Which reminds me of a scene in the 1997 sci-fi film, “Contact.” Jodie Foster’s character, Ellie Arroway, is chosen as the lone passenger for a sphere-shaped spacecraft that humanity had been instructed by extraterrestrials to build. The plans did not include a seat or a harness, so human engineers added those to keep the occupant from flying around inside the capsule. In flight through interstellar wormholes, Ellie is strapped into the seat, but the turbulence is so great it nearly knocks her unconscious. Finally, she does something counterintuitive. She releases the harness and floats gently into the air, while the seat finally breaks free and slams into a wall.

By releasing control and trusting in the greater intelligence that devised the ship and its method of travel, Ellie floated freely and safely as the capsule arrived at its destination. Had she trusted in her own concept of safety, she’d have been crushed.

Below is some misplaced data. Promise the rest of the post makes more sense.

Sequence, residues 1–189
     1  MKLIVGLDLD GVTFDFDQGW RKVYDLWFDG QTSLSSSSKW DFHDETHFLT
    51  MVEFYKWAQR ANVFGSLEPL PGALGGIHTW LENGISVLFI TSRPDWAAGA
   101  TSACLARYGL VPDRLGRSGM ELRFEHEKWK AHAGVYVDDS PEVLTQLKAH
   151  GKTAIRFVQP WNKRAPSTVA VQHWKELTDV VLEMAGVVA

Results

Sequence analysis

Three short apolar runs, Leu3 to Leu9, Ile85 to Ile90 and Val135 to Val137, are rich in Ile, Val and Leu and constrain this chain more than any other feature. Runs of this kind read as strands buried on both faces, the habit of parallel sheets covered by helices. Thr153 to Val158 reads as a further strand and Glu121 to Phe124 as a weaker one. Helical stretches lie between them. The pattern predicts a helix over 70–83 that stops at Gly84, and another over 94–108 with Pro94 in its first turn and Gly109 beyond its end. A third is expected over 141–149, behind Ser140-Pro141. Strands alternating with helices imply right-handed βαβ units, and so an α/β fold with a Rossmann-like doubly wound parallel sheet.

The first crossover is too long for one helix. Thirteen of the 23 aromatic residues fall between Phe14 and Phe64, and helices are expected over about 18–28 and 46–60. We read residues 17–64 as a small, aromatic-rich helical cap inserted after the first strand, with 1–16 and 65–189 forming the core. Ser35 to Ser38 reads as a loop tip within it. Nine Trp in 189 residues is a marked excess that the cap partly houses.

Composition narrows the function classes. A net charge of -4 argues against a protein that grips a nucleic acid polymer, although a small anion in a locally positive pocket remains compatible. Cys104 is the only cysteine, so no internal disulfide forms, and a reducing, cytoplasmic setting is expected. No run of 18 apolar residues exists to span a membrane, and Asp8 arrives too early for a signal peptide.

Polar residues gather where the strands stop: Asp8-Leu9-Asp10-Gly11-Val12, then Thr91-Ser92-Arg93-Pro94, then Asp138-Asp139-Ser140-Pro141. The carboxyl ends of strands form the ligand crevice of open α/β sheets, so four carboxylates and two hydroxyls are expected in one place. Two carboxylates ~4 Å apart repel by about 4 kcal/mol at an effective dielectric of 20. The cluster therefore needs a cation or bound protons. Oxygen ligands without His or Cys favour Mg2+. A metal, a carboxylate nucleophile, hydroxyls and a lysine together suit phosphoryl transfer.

Sometimes, it’s only in giving up the safety devices we know and cling to that we find true safety in the care of God who knows what’s best for us.

Galli writes (p. 154):

It’s not hard to see how quickly stewardship of our time becomes a means to control and order our lives, rather than an opportunity to begin each day asking, “Spirit of God, to where will you carry me today?” Most likely it will be to the usual places, where we’ll meet the usual assortment of people. Once in a while, he’ll call us to forsake the golden opportunity in order to send us to the desert. Other times he’ll magically transport us to a place or calling we never would have imagined possible. But even when he again carries us back to the same office and classroom, to the same people we meet every day, we will know this: that our lives are not our own, and that the Spirit has given us these people and this place to do God’s work.